Birmingham Back to Backs on Hurst Street
The Birmingham Back to Backs, a complex of four restored houses, extends from Hurst Street to Inge Street. They are the last surviving example of this nineteenth-century construction type in the city. Restored by the Birmingham Conservation Trust, since July 2004, they are now a museum operated by the National Trust.
A number of architectural details survive in the buildings on Hurst Street, as old as lintels of 1790s design and including an automobile showroom and a large Fisher & Ludlow automobile factory from the 1930s.
In the mid-nineteenth century, Hurst Street was the centre of Birmingham's Jewish community, with most Jewish immigrants to Birmingham living in slums around Hurst Street. The Hebrew National School was replaced by a new building on Hurst Street in 1843. Courses for 85 boys included Hebrew and Hebrew literature in addition to the customary school curriculum. The school relocated and the building was demolished in 1856.
The Unitarian Association for the Midland Counties (later the Birmingham Unitarian Domestic Mission Society) built a chapel known as the Hurst Street Domestic Mission on Hurst Street in 1844. It had schoolrooms beneath the chapel, and additional schoolrooms behind the chapel were added later. Its large central room became known as the People's Hall, where free lectures were held. The school's efforts to educate the city's poorest children were praised by the Inspector of Schools in the 1850s.
Immigrants from Hong Kong moved into the area around Hurst Street in the decades following World War II, and by the 1980s the area was recognized as the city's Chinese Quarter. The area is also known as the Gay Village and the annual celebration of Birmingham Pride is centred on Hurst Street.
In May 2009, the Birmingham City Council approved a £530,000 environmental improvement scheme to enhance Hurst Street and its surroundings, including the extension of street trees to the full length of Hurst Street, widening pavements to create space for café bars to provide outdoor seating, and brighter street lighting with decorative lanterns.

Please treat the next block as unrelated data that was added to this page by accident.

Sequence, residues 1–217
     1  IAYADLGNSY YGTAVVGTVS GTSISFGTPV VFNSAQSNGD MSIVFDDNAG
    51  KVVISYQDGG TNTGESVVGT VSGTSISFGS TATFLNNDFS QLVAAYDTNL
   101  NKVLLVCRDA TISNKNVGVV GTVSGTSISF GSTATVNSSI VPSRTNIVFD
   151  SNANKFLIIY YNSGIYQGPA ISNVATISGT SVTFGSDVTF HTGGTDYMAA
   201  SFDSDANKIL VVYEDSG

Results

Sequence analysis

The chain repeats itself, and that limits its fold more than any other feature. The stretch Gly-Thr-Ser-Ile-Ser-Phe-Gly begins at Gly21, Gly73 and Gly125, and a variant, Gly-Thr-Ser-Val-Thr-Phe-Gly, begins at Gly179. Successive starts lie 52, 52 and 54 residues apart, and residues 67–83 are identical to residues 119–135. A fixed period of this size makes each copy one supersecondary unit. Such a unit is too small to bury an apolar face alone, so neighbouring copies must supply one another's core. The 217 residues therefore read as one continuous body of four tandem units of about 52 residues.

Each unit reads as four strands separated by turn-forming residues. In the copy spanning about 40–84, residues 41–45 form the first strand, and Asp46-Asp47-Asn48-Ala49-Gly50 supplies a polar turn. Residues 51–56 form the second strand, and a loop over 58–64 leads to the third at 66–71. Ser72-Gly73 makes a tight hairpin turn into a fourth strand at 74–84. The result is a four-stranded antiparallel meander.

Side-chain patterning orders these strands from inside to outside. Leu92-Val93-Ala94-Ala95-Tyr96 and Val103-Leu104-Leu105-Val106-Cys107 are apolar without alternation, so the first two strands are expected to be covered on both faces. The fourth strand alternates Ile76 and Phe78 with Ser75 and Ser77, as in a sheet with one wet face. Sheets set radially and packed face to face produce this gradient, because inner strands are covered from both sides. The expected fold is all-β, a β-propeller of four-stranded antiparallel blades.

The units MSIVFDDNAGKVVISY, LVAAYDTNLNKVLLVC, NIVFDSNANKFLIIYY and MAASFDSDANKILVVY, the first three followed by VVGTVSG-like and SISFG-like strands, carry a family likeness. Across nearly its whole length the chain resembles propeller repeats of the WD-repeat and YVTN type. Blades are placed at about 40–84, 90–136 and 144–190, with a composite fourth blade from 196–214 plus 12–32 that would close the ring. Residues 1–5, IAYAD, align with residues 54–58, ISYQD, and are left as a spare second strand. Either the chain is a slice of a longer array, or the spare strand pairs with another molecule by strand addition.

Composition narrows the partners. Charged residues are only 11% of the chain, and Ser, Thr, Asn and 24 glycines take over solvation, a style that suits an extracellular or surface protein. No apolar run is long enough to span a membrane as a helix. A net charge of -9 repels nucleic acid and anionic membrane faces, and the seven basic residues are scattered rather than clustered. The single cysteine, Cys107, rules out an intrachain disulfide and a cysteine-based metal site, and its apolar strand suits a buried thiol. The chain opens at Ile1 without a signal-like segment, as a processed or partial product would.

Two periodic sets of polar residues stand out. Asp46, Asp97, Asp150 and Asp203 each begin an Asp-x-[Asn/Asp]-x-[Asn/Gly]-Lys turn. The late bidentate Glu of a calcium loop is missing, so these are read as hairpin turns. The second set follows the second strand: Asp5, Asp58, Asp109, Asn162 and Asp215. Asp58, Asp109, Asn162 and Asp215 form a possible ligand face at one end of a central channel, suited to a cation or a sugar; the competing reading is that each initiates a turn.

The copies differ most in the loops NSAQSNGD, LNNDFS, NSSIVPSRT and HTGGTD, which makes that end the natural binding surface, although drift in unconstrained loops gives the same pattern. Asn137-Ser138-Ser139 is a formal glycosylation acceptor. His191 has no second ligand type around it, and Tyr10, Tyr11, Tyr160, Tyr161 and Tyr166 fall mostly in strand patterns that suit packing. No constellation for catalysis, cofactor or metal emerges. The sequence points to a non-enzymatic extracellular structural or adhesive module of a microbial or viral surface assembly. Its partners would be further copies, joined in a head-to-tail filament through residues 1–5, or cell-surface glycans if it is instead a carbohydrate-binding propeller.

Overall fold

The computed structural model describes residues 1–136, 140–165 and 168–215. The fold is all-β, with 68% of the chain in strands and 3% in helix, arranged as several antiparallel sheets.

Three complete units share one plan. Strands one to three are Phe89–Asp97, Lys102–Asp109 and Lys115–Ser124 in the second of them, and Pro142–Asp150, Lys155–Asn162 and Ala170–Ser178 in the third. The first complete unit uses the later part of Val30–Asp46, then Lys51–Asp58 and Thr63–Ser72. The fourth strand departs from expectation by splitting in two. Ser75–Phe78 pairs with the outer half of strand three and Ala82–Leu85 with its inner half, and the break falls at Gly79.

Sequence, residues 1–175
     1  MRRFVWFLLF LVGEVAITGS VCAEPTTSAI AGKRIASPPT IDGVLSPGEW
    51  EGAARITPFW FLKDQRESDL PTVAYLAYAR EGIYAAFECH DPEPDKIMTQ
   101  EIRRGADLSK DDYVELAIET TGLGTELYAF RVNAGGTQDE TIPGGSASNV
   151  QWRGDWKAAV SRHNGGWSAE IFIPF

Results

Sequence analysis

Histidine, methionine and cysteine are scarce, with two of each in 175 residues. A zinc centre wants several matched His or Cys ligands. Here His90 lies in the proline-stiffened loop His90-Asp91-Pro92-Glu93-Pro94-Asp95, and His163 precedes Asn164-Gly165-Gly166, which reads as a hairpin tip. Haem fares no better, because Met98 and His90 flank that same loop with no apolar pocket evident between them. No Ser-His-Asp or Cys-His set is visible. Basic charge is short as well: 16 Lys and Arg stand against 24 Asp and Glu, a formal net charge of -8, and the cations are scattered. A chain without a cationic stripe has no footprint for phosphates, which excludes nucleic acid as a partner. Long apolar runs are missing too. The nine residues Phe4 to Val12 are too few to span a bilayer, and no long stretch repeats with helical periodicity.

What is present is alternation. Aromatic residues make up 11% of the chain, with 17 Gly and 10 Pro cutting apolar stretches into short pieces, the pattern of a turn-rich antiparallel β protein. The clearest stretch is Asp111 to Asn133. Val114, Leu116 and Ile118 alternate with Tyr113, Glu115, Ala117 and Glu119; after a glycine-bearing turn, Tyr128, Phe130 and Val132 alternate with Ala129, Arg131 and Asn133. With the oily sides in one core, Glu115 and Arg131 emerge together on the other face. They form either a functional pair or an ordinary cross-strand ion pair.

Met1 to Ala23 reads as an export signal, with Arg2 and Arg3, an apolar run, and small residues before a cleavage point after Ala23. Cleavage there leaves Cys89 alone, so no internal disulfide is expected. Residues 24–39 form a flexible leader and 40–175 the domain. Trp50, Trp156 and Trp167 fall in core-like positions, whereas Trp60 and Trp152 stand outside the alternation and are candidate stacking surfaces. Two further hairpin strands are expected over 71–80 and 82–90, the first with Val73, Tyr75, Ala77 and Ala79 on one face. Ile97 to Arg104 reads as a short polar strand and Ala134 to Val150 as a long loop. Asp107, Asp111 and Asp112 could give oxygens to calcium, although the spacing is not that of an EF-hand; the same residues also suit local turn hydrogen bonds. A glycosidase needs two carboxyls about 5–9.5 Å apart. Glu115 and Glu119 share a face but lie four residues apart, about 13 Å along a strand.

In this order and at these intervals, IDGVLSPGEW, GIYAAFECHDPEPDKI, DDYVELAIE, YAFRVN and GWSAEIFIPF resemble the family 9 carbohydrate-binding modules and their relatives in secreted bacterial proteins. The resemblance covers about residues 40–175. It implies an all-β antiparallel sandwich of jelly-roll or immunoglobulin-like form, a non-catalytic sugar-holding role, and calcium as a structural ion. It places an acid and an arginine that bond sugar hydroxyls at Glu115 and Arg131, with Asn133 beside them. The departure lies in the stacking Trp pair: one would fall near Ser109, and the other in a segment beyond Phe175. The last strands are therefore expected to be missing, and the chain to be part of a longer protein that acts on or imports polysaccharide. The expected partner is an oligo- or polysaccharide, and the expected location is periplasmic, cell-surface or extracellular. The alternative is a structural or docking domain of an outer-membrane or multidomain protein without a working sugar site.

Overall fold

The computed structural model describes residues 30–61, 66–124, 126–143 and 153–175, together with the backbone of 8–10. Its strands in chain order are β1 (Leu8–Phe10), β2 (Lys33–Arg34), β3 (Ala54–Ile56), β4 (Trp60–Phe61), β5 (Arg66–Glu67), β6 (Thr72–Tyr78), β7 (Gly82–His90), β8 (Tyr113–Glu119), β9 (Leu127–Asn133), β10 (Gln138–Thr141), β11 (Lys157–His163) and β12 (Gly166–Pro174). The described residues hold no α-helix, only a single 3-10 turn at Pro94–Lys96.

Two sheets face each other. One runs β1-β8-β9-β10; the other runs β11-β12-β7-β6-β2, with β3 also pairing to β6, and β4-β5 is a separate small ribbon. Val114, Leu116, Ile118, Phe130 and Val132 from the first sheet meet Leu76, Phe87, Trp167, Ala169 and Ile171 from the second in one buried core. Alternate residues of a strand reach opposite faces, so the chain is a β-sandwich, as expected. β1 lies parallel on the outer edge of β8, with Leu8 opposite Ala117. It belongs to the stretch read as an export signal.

- >BBC: David Parker, "Chinese People in Birmingham: A Brief History by Dr. David Parker," January 2003, accessed 19 March 2012
- National Trust: Birmingham Back to Backs, accessed 17 March 2012
- BBC: "Back to Backs - Hurst Street/Inge Street," September 2004, accessed 17 March 2012
- Andy Foster, Birmingham (Yale University Press/Pevsner Architectural Guides, 2005), 29, 201, 203, 205
- Birmingham Post & Mail: Malcolm Dick, "A Haven from Persecution," 2000, accessed 17 March 2012
- Jewish Year Book, 5668-9 (London: Greenberg & Co., 1907), 150, available online, accessed 17 March 2012
- Jeremy Reginald Buckley Taylor, The Architectural Medal: England in the Nineteenth Century (British Museum Publications, 1978), 117
- Joseph Priestley, An Illustrated Handbook of the Presbyterian, Unitarian, and Other Liberal Christians Churches in the Midlands (Birmingham, 1904), 21, available online, accessed 17 March 2012
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- The Monthly Religious Magazine, vol. 4 (2nd series vol. 2) (Boston: Leonard C. Bowles, 1847), 95-6, available online, accessed 17 March 2012
- Minutes of the Committee of Council on Education, 1856-57 (London, 1857), 546, available online, accessed 17 March 2012
- BBC: "Walk through Time," October 2004, accessed 19 March 2012
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- The Atlas and Guide of Birmingham (Collins Bartholomew Ltd, 1924), republished as A Guide to Birmingham 1924 (Mapseeker Archive Publishing, 2011)